Several other cases need to be considered when using these amenities. Taps may be used to rinse out a container or fill a water bottle, therefore, the tap needs to be situated on the washbasin nearest to the WC pan. Installing a shelf in the WC may be used to place a handbag or coat, allowing the user to be hassle-free of personal items. A soap dispenser needs to be positioned close to the tap for personal hygiene purposes such as washing hands and having a tissue dispenser installed instead of a traditional toilet paper roll holder, makes it easier to grab rather than tear off. It is important to note that each fitting has different standards and dimensions to comply with.
You need to be aware that there are specific requirements defined in the regulations regarding individual sanitary fittings for an accessible washroom. For example, the spatula cistern lever has a particular shape generally designed to be longer with a large flat radius situated at the handle edge. This flush mechanism features a larger surface area to control and proves to be a convenient design allowing users to handle the flush without struggling. The lever can be operated with one hand and accommodates individuals with physical disabilities such as amputees to carry out the basic sanitary need to flush a toilet.
Furthermore, the regulations detail the arrangements and heights of the various fittings, for example, the height of a WC pan from seat to floor is specified at 480mm, and considering the average height of a standard wheelchair is around 485mm, these measurements are deemed to be an ideal height for most people. The idea is to provide an easier experience for the individual to transfer safely from their wheelchair to the WC pan and vice versa.
3. In The Event Of An Emergency
Doc M stipulates that accessible sanitary accommodation in buildings should be available to everyone, including those who do not have a disability. In addition to providing an accessible washroom for wheelchair users, there are other disabilities to be considered which include: visual, hearing, physiological, functional, and/or mobility impairments. If fittings are not installed correctly, they can potentially cause an injury or add a huge inconvenience for users.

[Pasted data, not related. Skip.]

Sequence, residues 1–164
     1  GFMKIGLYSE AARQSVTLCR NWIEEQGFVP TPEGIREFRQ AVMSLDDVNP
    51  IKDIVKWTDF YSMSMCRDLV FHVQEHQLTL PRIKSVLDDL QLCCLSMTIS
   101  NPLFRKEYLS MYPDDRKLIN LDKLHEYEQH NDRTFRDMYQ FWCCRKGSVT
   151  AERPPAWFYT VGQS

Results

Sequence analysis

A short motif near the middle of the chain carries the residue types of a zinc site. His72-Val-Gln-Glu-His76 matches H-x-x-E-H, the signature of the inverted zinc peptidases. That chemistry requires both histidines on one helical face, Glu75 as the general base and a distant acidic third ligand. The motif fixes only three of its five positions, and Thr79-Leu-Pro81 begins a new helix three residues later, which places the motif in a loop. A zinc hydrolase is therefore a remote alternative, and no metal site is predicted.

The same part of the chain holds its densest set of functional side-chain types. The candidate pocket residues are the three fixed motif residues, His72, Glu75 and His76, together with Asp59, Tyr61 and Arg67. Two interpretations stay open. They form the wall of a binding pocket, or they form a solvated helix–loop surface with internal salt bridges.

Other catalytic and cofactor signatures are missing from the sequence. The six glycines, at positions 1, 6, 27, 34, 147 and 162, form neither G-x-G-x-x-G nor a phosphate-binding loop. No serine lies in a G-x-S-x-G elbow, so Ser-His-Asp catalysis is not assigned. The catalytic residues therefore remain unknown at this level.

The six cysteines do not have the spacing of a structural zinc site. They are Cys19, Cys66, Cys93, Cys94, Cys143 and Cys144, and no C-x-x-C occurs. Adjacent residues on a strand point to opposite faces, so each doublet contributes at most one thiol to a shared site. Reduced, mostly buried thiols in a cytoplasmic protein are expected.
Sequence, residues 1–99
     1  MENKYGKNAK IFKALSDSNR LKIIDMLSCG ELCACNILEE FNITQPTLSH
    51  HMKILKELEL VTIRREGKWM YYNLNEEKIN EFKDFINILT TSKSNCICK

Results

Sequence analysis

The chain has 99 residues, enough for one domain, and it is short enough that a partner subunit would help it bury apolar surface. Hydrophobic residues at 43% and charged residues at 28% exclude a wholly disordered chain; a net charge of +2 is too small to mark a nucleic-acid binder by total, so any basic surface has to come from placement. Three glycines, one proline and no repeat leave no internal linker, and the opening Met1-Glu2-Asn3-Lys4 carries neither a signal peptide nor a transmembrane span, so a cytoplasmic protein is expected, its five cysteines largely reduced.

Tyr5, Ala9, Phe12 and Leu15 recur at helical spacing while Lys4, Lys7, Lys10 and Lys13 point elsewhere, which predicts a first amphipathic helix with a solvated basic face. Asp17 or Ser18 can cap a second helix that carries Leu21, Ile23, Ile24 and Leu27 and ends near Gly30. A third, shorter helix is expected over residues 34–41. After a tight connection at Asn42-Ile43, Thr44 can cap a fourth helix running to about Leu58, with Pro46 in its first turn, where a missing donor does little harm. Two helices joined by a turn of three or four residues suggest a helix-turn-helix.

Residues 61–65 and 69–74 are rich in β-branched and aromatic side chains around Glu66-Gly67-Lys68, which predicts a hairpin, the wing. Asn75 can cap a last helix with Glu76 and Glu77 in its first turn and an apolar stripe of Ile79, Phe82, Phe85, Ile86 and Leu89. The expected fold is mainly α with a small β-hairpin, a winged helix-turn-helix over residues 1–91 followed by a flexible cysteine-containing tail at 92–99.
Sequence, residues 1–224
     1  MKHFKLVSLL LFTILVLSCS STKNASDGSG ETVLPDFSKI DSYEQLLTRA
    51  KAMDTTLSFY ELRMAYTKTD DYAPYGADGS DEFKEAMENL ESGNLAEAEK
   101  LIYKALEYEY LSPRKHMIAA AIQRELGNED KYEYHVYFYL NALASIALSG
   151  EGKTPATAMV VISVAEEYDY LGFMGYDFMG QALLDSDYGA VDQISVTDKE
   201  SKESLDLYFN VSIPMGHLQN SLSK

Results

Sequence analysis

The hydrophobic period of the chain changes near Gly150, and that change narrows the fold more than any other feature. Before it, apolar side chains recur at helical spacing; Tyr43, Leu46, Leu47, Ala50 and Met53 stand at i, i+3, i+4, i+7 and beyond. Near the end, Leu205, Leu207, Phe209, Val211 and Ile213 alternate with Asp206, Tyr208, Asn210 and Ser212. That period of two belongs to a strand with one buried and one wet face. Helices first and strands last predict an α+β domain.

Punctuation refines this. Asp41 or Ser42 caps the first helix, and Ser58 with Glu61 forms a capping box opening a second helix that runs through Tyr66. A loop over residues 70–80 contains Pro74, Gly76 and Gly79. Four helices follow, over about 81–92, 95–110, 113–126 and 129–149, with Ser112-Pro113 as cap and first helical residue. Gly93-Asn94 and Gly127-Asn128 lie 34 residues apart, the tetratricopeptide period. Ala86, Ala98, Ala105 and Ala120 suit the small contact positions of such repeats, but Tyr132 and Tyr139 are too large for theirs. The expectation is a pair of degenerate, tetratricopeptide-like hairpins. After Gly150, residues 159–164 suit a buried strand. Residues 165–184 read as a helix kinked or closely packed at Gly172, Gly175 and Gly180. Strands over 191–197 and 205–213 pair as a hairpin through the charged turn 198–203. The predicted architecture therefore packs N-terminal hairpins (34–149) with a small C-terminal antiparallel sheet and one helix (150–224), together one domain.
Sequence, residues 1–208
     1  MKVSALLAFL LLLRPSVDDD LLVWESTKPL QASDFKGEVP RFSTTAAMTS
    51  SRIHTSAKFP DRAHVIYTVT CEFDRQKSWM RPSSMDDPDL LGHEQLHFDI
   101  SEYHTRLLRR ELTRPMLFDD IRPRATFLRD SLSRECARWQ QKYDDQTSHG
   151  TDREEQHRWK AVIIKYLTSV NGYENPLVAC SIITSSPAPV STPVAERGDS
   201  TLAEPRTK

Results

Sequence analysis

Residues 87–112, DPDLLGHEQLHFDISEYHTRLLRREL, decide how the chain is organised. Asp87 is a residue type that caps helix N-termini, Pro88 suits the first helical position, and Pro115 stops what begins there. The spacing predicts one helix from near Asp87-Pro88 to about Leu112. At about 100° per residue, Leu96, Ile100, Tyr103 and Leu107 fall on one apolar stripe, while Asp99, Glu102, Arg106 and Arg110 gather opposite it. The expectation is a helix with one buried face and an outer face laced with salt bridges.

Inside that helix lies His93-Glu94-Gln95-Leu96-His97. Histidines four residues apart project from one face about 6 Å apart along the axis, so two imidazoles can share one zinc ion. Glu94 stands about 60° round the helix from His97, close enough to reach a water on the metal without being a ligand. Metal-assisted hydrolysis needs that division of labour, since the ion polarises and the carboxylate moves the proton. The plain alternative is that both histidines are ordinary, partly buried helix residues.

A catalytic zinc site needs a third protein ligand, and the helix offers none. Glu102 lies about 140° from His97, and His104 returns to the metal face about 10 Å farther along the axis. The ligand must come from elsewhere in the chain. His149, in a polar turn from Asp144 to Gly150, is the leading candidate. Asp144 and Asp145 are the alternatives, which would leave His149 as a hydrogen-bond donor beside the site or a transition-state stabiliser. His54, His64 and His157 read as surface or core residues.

The possibility of an emergency taking place in a wheelchair accessible washroom is a potential risk that requires significant attention. Perhaps a person has fallen off their wheelchair or requires urgent assistance whilst seated.
Doc M has made provision for the installation of an emergency assistance pull-cord linked to an alarm system that can clearly be heard by those able to assist. The cord is red making it easily identifiable and located as close to a wall as possible. The cord hangs from the ceiling to the wall-mounted tip-up seat or the floor and has two red 50mm diameter bangles. One bangle can be placed 100mm above the floor and the second between 800mm and 1000mm above the floor. In a situation where a person has collapsed, they would not have to pull themselves up to grab the cord but can still have access to it in their vulnerable position.
Section 5.4 (e.) of the Doc M sanitary accommodation has also made provision for WC compartment doors to have an emergency release mechanism to ensure a person can gain access from the outside in case the user requires emergency assistance.
The position of the door swing is just as important to consider. For example, if a person has fallen in front of a door that opens inwards, this can prevent access to assist them quickly as they may have blocked the door and are unable to move. Installing a door that swings open and outward will allow easy and immediate access to assist in this situation.
In conclusion, the regulations provide extensive detail on the requirements, features, and scenarios to consider. Before planning your washroom layout, familiarise yourself with the provisions and speak to a specialist in the industry who will be able to further elaborate and guide you to achieve a compliant accessible washroom.